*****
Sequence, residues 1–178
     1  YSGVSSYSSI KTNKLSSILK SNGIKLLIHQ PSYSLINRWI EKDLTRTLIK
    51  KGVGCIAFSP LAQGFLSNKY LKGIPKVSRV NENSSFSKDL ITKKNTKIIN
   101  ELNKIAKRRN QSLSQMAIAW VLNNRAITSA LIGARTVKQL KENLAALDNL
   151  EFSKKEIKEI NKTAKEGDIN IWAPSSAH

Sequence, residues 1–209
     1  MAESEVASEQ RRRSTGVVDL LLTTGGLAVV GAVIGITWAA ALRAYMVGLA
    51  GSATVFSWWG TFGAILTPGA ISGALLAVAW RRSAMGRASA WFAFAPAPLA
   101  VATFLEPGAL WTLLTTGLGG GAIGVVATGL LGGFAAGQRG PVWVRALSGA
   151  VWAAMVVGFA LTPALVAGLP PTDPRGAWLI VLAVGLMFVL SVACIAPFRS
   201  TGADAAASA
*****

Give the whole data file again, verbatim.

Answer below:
Sequence, residues 1–178
     1  YSGVSSYSSI KTNKLSSILK SNGIKLLIHQ PSYSLINRWI EKDLTRTLIK
    51  KGVGCIAFSP LAQGFLSNKY LKGIPKVSRV NENSSFSKDL ITKKNTKIIN
   101  ELNKIAKRRN QSLSQMAIAW VLNNRAITSA LIGARTVKQL KENLAALDNL
   151  EFSKKEIKEI NKTAKEGDIN IWAPSSAH

Sequence, residues 1–209
     1  MAESEVASEQ RRRSTGVVDL LLTTGGLAVV GAVIGITWAA ALRAYMVGLA
    51  GSATVFSWWG TFGAILTPGA ISGALLAVAW RRSAMGRASA WFAFAPAPLA
   101  VATFLEPGAL WTLLTTGLGG GAIGVVATGL LGGFAAGQRG PVWVRALSGA
   151  VWAAMVVGFA LTPALVAGLP PTDPRGAWLI VLAVGLMFVL SVACIAPFRS
   201  TGADAAASA